Almost always, the business activity stretches beyond the stall onto the open space available just outside. Either a wooden counter or table is pulled out every morning when the shop opens or a raised platform in concrete exists that serves as an extension to the stall. So, the space requirement for the business activity is very flexible and always more than 6’-0”x 6’-0”. This outdoor space may also include a waiting area for the customers which may consist of a rickety wooden bench put out onto the footpath itself.
Some of the already existing baddies serve also as residences. The few belongings of the individual or family are stored inside the baddi and his workplace and sleeping quarters have the sky for roof. So, as far as the petty trader is concerned, there can be no better option than his present baddi and its outdoor extension, because it is sure value for money. He gets space free of cost outside of his 6’-0” x 6’-0” stall. In terms of facilities, the petty trader may want a toilet in the vicinity and also water supply, especially if he owns a snack or a juice stall. He, therefore needs a planned bazaar only if these facilities are provided and also if he can be better sheltered from the weather.
As far as the municipal authorities are concerned, random growth of small businesses can create unhygienic conditions for the public due to the lack of proper drainage facilities and thus increase the health problems of the city. The footpath is not anymore just a circulation space; it also becomes a business or commercial space.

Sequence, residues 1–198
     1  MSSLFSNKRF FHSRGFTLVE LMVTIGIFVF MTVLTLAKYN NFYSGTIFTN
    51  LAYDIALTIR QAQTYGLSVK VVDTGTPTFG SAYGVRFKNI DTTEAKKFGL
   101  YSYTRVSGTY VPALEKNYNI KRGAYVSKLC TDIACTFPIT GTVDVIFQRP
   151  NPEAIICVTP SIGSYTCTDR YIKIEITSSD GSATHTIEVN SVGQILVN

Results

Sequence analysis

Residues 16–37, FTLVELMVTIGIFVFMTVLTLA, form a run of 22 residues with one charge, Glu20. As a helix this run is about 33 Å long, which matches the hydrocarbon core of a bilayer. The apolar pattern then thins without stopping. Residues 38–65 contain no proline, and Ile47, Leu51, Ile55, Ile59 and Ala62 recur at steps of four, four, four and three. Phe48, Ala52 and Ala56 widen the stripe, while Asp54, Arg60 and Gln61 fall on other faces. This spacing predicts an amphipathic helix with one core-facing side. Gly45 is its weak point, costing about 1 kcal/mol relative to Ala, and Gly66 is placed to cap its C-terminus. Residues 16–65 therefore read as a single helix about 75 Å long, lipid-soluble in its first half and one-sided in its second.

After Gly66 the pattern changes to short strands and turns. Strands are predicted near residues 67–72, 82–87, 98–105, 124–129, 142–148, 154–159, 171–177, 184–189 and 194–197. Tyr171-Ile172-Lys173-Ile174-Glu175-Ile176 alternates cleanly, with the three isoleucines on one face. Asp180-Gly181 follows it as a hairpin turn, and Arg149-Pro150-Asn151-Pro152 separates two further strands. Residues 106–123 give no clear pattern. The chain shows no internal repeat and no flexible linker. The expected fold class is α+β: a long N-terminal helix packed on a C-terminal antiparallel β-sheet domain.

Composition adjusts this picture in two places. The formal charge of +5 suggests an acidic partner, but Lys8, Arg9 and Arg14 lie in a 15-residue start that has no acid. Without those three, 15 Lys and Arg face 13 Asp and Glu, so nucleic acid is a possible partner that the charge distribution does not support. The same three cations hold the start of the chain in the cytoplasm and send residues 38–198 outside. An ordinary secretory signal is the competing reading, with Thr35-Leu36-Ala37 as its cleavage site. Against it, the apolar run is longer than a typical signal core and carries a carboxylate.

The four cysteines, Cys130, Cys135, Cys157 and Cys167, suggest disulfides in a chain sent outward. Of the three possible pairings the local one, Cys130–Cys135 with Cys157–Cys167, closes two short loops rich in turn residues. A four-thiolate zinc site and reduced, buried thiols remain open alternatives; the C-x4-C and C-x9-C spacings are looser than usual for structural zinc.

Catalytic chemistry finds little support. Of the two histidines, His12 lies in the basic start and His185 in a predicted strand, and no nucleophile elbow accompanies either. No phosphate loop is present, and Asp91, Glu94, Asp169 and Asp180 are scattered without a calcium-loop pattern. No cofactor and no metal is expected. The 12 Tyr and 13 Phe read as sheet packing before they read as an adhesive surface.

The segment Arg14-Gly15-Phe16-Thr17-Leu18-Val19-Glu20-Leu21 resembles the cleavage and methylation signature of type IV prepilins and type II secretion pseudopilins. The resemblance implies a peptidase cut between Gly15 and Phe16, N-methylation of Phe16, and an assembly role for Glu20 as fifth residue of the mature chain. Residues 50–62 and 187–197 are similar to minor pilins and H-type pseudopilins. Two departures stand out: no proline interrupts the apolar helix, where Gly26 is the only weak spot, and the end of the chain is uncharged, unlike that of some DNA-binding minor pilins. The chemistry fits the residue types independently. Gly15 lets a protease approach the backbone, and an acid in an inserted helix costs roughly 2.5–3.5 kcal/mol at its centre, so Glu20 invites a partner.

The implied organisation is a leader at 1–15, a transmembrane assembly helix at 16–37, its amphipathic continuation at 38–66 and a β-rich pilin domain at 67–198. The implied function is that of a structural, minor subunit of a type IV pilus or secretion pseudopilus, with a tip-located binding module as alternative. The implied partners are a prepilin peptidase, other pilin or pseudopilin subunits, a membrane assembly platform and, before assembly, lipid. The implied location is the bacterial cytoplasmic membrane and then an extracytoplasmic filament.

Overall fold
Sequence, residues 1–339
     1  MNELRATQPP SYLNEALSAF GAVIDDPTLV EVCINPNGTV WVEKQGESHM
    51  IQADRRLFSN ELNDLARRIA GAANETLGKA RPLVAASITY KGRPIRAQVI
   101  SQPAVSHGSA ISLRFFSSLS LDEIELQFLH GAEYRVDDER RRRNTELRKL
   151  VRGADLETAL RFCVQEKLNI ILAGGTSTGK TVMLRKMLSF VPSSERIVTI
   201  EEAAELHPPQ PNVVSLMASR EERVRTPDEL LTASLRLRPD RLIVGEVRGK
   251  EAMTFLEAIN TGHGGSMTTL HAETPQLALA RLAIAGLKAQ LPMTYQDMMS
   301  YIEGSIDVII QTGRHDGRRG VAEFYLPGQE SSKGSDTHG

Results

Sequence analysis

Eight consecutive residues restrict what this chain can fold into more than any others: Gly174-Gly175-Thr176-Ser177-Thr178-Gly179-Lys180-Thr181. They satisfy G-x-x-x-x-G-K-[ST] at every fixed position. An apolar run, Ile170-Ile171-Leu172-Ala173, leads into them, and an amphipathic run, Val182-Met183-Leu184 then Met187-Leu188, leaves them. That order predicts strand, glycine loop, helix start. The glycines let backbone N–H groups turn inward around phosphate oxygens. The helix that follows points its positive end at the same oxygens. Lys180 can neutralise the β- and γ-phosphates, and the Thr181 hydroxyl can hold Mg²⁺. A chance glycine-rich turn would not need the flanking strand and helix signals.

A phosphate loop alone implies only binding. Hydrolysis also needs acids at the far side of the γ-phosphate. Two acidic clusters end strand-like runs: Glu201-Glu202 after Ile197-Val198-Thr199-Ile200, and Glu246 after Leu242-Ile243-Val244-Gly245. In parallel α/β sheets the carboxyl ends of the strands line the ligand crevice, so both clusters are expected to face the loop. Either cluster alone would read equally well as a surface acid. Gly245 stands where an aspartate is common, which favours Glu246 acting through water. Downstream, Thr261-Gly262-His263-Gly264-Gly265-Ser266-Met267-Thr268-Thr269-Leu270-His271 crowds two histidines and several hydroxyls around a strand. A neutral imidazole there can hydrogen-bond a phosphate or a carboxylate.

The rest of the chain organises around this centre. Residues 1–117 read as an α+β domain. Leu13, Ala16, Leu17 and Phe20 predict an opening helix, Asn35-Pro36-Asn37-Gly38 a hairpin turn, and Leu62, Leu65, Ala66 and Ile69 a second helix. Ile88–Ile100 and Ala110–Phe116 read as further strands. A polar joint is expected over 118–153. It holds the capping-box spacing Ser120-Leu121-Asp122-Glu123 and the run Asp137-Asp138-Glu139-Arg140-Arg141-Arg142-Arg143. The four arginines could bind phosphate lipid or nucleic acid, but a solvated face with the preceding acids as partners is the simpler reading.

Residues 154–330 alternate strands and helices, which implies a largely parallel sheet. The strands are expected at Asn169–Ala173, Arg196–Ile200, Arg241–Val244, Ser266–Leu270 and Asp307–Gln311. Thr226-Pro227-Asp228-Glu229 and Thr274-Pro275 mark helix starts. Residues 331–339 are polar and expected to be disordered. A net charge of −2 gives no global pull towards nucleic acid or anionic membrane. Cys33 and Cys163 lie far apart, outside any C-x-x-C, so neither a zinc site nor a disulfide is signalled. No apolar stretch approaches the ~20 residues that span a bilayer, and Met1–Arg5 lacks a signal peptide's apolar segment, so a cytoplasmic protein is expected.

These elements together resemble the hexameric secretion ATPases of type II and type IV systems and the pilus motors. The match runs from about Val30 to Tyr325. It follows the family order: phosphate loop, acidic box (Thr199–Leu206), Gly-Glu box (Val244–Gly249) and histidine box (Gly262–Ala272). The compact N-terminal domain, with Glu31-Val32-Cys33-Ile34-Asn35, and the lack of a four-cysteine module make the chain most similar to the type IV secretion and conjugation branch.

From the point of view of the public, a planned bazaar will be more efficient to carry out shopping activities; more hygienic, at least partially sheltered and therefore shopping may be done with better protection from the harsh sun. It is possible that a new bazaar may be located further away from the buyer’s home than an existing baddi cluster. There is often a single baddi located at almost every street junction. It keeps in mind the walking distances to be covered from the buyer’s home. However, these street corner baddis are often only paan-shops stocking limited items. Other needs must be met with at shops which may be located further away. Usually, the informal growth of baddis is found to occur near a bus-stop or sometimes a temple.
It helps if the municipal authorities survey well the physical aspects of already existing petty trades such as spatial requirements, low-cost construction materials, and the unconventional servicing and infrastructural facilities in use. In the end, the designed space and shelter must be priced correctly, or else, the exercise tends to fail due to lack of interest from the petty traders in the new project.